Abstract:A multiple harvest reporting system is used for public land hunters in Illinois. The location, type of species, type of property hunted, and the type of weapon used determine what type of harvest reporting method is required. Currently, Illinois harvest reporting methods include: check-in stations, telephone check-in, online check-in, online windshield cards, and site-specific harvest reporting (i.e. clipboard harvest checks). The Illinois Department of Natural Resources (IDNR) has concerns with a harvest reporting system that uses multiple methods, and would like data regarding the current system, specifically for the online windshield card method. We used a mixed-mode approach involving a site-intercept survey during the 2015-2016 Illinois hunting season and a mail survey following the 2016-2017 Illinois hunting season. The purpose of the study was to gain information on the harvest reporting accuracy of the online windshield card system (objective 1), hunter preference of all reporting methods (objective 2), and overall hunter attitudes of the online windshield card system (objective 3). The first phase of this study utilized an intercept survey to record hunters’ daily harvest, which was compared to the harvest reported at the end-of-season to the online windshield card system (objective 1). We surveyed 14 total hunting days, resulting in 299 completed hunter surveys. Six days were spent at Clinton Lake resulting in 63 surveys, four days at Sangchris Lake producing 85 surveys, and four days at Mazonia-Braidwood contributing 151 surveys. The overall compliance of the online windshield card users (68.3%) from our sample was very similar to the statewide compliance percentages (65-70%). The analysis removed hunters that did not accurately recall the correct date or correct number species harvested during an intercept encounter, resulting in a final compliance percentage of 34%. Results showed that statewide compliance percentages with the online windshield card system are likely much lower than the initial 65-70% of hunters not found in the system. A chi-square analysis indicated the time gap between harvest and harvest reporting deadline (X² = 8.244, df = 2, p = .016) was significant, as the greater the time gap resulted in more accurate reporting accuracy. Total season harvest (X² = 16.844, df = 4, p = .002) was also a significant predictor of harvest reporting accuracy, as hunters who harvested 6-10 game in a hunting season were most accurate. Total days spent hunting during a season was not a significant predictor. The second phase of this study utilized a mail survey administered to 2,830 randomly sampled public land hunters following the 2016-17 hunting season (58% response rate). The questionnaire measured hunter types, harvest method experience, harvest method preference, and information regarding the online windshield card system (objectives 2 & 3). Telephone check (38.1%) was the most preferred method across the aggregate sample, while 25.4% preferred online reporting, 21.3% preferred check stations most, and 15.1% of hunters preferred the online windshield card system most. Telephone check harvest reporting was the most preferred method by all hunter types: duck, geese, dove, squirrel, turkey, and deer. Chi-square results suggest a significant difference between reporting method hunters experienced and reporting method preference, supporting the hypothesis. There were significant differences between duck and non-duck hunters, goose and non-goose hunters, turkey and non-turkey hunters, and deer and non-deer hunters. Significant differences were found to exist between hunter age (X² = 33.009, df = 3, p = .005) and years hunted (X² = 32.286, df = 3, p = .006) by hunter preference for reporting method. Hunters aged ≤ 20 and > 60 years old preferred telephone reporting (41%), whereas hunters aged 31-40 preferred online reporting. The differences in method preference by hunter age can be used to help IDNR managers implement regulations for future generations of hunters. Lastly, hunters responded to nine attitude statements regarding the online windshield card harvest reporting system. Principal component analysis uncovered a ‘reporting ease’ variable and a ‘harvest reporting component’ variable from responses to the attitude statements. Results of an ANOVA model indicated significant differences in hunter types for responses to the nine attitudinal statements regarding the online windshield card system. The ANOVA analysis found significant differences in duck, geese, squirrel, and deer hunter types versus respondents who did not hunt those species and their responses to the ‘reporting ease’ component. Duck and non-duck hunters (F = 15.55, df = 1,225, p < .001, Eta = .112), and goose and non-goose hunter types were significantly different (F = 8.926, df = 1,225, p <= .003, Eta = .085) in opposition of a multiple harvest reporting system, but the effect size was negligible. No other hunter types indicated significant differences in opinions of a multiple method harvest reporting system. Objective three helps IDNR wildlife managers identify specific issues with the online windshield card system, and which hunter types may be most affected by those issues. Simplifying a mixed method harvest reporting system involves substantial background information to make the best management decision when changing harvest regulations. Looking at variables contributing to the accuracy and preference of harvest reporting methods can help the IDNR better understand how to best service those needs, while still retaining the long-term statewide harvest data.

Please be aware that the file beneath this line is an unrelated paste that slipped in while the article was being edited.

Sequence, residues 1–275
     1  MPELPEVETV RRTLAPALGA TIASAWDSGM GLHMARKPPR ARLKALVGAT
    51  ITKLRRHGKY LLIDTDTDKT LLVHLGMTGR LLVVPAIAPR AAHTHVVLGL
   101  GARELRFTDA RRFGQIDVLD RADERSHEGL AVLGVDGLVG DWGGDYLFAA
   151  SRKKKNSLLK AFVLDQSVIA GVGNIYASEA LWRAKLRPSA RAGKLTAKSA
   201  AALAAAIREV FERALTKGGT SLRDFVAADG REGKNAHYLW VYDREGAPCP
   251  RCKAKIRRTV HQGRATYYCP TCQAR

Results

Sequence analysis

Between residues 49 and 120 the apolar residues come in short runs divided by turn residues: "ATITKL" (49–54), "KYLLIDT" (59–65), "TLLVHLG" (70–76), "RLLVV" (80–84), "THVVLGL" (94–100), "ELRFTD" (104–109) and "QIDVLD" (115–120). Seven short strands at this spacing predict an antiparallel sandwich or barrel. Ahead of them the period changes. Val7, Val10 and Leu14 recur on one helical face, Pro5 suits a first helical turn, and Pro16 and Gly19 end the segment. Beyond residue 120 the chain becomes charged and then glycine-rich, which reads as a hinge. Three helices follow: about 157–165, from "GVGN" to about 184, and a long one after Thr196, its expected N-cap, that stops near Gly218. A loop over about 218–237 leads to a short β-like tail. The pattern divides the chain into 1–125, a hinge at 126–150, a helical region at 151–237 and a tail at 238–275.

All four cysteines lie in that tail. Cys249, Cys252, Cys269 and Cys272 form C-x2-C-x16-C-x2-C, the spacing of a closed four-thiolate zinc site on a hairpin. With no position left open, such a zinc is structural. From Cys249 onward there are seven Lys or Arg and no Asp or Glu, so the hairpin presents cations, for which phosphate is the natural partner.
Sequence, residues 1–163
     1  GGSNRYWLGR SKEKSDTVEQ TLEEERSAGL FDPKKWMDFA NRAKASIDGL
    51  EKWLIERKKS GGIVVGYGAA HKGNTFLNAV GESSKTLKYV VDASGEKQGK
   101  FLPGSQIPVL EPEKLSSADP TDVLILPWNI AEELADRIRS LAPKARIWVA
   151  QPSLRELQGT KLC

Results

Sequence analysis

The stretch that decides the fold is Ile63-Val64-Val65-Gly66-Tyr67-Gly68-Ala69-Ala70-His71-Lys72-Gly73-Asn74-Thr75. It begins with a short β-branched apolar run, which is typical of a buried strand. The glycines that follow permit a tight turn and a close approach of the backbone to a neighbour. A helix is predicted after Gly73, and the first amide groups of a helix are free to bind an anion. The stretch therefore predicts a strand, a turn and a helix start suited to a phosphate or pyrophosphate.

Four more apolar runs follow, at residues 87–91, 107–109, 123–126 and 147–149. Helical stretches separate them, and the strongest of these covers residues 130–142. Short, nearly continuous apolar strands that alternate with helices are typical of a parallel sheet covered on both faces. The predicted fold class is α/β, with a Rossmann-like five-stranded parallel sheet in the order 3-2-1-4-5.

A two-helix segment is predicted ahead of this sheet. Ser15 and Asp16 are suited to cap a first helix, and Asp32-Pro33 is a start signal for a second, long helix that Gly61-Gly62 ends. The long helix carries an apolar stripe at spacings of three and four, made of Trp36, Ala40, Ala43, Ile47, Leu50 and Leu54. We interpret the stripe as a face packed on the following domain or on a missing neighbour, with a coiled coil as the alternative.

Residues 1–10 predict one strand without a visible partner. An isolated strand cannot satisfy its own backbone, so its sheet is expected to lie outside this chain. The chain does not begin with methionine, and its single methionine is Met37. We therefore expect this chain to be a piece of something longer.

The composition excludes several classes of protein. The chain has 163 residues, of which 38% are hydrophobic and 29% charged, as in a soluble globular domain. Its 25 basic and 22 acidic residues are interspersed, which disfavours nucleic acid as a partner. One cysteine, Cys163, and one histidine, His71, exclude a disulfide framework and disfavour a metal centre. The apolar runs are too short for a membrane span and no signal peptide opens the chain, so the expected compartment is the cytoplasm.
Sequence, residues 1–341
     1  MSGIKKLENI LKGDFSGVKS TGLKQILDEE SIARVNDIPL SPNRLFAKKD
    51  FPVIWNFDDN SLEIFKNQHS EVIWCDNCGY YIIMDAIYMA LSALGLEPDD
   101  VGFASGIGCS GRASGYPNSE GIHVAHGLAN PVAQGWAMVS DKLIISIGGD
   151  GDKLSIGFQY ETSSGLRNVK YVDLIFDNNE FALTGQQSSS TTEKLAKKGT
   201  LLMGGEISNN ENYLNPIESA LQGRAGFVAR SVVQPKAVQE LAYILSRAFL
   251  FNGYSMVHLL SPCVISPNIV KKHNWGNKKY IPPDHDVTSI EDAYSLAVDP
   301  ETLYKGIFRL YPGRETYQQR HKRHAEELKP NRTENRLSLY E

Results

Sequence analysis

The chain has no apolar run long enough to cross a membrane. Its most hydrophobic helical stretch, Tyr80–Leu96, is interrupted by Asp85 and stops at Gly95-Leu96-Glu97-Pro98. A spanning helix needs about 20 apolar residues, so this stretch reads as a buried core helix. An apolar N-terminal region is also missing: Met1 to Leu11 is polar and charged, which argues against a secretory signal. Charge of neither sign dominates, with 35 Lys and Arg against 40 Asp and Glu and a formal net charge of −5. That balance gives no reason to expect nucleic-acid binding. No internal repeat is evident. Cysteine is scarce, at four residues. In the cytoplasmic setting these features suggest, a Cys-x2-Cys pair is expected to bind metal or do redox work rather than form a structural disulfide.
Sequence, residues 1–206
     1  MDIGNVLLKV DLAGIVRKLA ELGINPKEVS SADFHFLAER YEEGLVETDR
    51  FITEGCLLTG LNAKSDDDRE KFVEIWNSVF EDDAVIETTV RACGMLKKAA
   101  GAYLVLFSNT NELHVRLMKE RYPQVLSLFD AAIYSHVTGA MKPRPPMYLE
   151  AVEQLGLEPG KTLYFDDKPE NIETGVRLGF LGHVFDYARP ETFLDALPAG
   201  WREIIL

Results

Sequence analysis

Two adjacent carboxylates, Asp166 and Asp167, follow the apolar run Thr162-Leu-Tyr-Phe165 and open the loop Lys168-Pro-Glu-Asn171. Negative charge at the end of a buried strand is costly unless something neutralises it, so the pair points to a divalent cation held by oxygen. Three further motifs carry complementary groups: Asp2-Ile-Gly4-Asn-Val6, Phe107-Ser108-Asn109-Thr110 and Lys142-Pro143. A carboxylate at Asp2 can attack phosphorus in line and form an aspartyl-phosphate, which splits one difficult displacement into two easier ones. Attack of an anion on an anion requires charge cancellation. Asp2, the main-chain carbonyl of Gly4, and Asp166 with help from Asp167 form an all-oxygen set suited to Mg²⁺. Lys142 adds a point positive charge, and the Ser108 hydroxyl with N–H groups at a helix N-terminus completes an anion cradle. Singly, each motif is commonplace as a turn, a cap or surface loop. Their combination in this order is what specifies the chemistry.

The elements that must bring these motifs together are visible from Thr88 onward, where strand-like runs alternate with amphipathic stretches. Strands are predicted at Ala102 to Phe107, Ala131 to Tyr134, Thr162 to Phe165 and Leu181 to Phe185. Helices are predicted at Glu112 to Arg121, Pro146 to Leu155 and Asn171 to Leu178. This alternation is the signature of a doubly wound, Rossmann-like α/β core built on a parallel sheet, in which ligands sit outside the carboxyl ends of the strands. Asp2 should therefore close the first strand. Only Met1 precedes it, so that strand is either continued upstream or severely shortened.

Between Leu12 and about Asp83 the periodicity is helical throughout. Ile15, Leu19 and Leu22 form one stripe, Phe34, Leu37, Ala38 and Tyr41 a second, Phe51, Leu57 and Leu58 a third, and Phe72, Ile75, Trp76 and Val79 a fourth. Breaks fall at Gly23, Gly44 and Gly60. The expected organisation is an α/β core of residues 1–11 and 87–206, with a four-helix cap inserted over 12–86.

Issue Date:2017-12-11
Rights Information:© 2017 RYAN J. CONAT
Date Available in IDEALS:2018-03-13
Date Deposited:2017-12